The Docks and Harbors Board is considering special or promotional moorage rates to help generate more funds during the difficult economic times, Port Director John Stone said.
The regulation change would allow for two promotional moorage rate offers this summer, similar to last year.
Public comment on the proposal is open until 4:30 p.m. on Thursday, and a public hearing is scheduled for 7 p.m. that night in the Assembly chambers.
"Basically the purpose of this regulation change is to create a formal authorization and ability for the board to run moorage specials," Stone said.
The first promotional moorage fee being offered is for recreational boats 24 feet long or shorter. Those purchasing a $90 launch permit will be allowed to buy three months of moorage at the downtown rate and stay anywhere they want in the harbor system from Memorial Day to Labor Day.
"So you could pay the downtown rate and stay out at Statter Harbor (in Auke Bay)," he said. "The downtown rate is about half of what the Statter Harbor is. It's a pretty good deal compared to what people have had in the past."
The board is also looking at another special that would apply to people with recurring reservations at the downtown Intermediate Vessel Float. Owners of boats 65 feet or longer would receive a 20 percent discount on their moorage rate, if approved following Thursday's public hearing.
"They pay actually the highest moorage rate in the harbor system right now," Stone said.
Stone said there have been a number of factors resulting in the shrinking number of people using the harbor system, including an aging community, difficult economic times, poor weather over the past couple of summers and fee increases during the last several years.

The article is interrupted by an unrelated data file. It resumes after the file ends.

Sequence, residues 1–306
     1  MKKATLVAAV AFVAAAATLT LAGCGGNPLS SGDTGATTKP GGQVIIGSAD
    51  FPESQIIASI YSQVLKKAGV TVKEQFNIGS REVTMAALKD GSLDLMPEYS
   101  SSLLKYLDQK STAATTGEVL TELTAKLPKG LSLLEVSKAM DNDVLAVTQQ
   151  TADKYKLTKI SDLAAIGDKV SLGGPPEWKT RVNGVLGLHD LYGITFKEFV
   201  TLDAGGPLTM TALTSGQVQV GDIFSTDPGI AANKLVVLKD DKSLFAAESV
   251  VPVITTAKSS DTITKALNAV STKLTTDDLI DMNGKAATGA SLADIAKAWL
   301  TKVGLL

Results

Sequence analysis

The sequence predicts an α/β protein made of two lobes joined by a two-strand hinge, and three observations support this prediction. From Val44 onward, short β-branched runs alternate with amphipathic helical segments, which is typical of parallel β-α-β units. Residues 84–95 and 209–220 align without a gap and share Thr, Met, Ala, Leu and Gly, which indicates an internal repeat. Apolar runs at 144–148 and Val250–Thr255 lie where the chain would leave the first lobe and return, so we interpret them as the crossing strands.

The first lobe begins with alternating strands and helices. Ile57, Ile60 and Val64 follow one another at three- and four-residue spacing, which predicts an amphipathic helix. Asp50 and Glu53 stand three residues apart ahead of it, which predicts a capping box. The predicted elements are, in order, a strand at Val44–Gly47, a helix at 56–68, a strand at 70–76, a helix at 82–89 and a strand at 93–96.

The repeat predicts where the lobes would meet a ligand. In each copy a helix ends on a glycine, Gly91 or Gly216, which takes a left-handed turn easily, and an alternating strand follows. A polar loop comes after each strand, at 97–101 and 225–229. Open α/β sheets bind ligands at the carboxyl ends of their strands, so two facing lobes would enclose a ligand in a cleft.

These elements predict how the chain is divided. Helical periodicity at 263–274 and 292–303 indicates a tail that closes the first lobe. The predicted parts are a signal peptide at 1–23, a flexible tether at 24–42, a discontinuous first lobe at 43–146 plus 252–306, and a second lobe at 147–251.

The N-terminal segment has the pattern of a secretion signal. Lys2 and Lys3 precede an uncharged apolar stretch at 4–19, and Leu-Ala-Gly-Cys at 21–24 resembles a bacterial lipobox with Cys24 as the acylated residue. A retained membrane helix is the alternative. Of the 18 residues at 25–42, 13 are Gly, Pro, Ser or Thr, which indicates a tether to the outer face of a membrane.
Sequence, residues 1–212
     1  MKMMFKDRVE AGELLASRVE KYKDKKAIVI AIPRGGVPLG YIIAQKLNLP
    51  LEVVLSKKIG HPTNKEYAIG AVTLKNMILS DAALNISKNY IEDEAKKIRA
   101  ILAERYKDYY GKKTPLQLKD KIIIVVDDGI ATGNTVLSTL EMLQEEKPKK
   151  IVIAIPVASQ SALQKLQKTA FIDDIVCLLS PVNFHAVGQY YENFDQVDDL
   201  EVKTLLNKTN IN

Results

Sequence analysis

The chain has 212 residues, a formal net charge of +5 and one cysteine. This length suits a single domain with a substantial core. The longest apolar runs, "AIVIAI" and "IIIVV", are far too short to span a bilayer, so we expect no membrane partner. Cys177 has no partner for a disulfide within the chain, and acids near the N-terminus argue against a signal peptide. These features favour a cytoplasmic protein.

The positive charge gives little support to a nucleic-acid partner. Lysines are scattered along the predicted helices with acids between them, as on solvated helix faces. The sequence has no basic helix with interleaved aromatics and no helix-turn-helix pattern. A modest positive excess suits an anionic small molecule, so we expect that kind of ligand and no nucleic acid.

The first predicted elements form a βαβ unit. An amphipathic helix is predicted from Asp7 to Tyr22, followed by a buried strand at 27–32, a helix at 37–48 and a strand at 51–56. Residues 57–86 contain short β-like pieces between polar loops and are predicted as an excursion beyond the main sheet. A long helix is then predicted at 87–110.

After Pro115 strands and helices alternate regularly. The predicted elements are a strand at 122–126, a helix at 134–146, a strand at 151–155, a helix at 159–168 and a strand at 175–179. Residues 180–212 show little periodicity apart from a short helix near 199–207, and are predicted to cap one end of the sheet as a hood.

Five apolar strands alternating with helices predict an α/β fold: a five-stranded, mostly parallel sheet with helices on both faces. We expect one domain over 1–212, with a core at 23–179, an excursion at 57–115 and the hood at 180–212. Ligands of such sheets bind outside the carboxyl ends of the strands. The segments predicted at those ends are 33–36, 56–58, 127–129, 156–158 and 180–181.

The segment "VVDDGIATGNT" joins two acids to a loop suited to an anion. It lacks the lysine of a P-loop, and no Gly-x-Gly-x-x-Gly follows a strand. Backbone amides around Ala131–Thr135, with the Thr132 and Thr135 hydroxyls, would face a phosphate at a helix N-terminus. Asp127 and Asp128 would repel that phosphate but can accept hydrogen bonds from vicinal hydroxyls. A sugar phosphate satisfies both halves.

"We have ... increased our fees quite a bit over the last five years," Stone said. "So moorage was $800 a year, say, 10 years ago. Now it's $2,000 a year. So that's a big change to people."
Traditionally many of the recreational boaters have been younger, and the aging of the community has led to fewer small boat users, Stone said. And the economic pinch isn't helping, he said.
"That's been exacerbated in the last few years," Stone said. "We had the $5 gas last summer, which made boating very expensive."
Stone said the harbor system could generate more money in the future by adding even more promotions.
"Over time I expect (the board) would look at different kinds of specials to encourage use of the harbors or to fill up vacant space," he said.
Also being considered is changing the Statter Harbor parking lot regulation by adding a $1 per hour rate. A new electronic parking meter is going to be installed that will allow people to pay per hour instead of $5 per day. The $5 rate will still be available for long-time use, as will the $75 per month permit. There are no current plans to charge at any of the other harbor parking lots.
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